Teenage punk band, the Home Sick Pilots, set out in search of the ultimate summer gig, but end up facing ghosts, haunted houses, and being alone.
Written by Dan Watters and illustrated by Caspar Wijngaard, Image Comics’ Home Sick pilots works both as a horror story for punks and as a punk tribute for horror heads. Anyway, the first collection of Home Sick pilots is a home run for Watters and Wijngaard, a book as unapologetic as its protagonists, and as terrifying as its premise.
Located on the west coast during the summer of 1994, Home Sick pilots follows the lives of Friend, Buzz, and Rip, three inseparable bandmates wandering the sun-scorched streets of Santa Manos in search of the perfect gig and the right time. Things take a turn for the worse, however, when Ami decides the band’s next gig should be in the old haunted house in town. When House decides they have their own plans for the trio, what was just another summer turns into anything but. Home Sick pilots tells the story of three punks who only have each other, and the house who tries to convince each of them that they are alone.
Dan Watters’ work on Home Sick pilots is phenomenal. Every character, big or small, has an instantly recognizable depth that shines through even with the simplest lines. Santa Manos himself seems to come to life thanks to the work of Watters’ characters, and the monotonous concrete forest serves as the perfect backdrop for the vibrant Eldritch ghost story that follows. Home Sick pilots crescendos significantly towards its finale, with the opening issues much slower than the bulky and loaded final chapters. But Watters takes full advantage of both gears, using the slower pace to thoughtfully explore complex themes, and eventually reaching a satisfying ghost story climax.
As good as the script is for Home Sick pilotsEqually impressive is the art of Caspar Wijngaard. Wijngaard draws with clear clarity and personality, compelling and a lot of fun to read. No panel too busy or too empty. Obviously, Wijngaard and Watters were the perfect team to bring this wonderfully dark summer in Santa Manos to life. Particularly in the previous issues, the character and the work of Wijngaard give Home Sick pilots an exemplary basis on which to grow. Wijngaard also provides colors for the series, perhaps the color choices steal the show. The horror elements of the book are highlighted in vibrant pinks and reds, while the streets of Santa Manos are laced with more subtle shades of beige and sun-washed tan. Home Sick pilots ” The color schemes fit in beautifully with the punk outlook he inhabits and offer a vibrant and interesting punk-inspired take on colors that should be scary.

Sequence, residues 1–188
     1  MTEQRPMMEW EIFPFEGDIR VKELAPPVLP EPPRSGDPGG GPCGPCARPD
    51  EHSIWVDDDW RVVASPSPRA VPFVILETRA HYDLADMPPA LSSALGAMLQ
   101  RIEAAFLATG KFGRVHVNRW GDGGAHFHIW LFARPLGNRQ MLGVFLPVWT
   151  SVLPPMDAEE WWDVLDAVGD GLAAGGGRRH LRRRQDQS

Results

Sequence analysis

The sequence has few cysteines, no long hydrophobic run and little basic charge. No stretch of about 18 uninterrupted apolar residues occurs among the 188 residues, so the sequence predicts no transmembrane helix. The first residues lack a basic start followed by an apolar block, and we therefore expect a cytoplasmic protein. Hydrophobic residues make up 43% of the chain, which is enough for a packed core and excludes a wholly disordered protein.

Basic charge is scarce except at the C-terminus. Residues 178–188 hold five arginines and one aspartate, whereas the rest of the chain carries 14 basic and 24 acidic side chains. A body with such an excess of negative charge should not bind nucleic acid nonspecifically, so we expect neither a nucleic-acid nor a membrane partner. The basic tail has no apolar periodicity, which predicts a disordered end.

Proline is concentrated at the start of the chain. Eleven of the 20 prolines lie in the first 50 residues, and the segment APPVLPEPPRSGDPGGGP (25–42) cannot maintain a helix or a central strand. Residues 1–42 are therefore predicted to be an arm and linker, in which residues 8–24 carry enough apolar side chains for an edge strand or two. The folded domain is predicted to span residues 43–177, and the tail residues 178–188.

Home Sick pilots Flight. 1 delivers a great first chapter to a title with a lot of potential behind it. The narrative certainly swells within the reach of the latest issues, but the dramatic tension comes and goes in the same way, ensuring that the emotional concern of readers always remains paramount. While some may crave the earlier, quieter side of Home Sick pilots Once he decides to raise the stakes dramatically towards the climax, the cliffhanger ending sets up a whole host of exciting directions the title could be heading in. Although if volume one was any indication, try to predict where Homesick Pilots will go next is a fool’s race.
Home Sick pilots recommended for anyone over the age of 17 who has a weakness for ghost stories or a weakness for punks. And highly recommended for those who don’t know where they fall either. It doesn’t matter whether or not Home Sick pilots will hook you monthly in the future, Home Sick pilots succeeds in every way and is certainly worth the detour.
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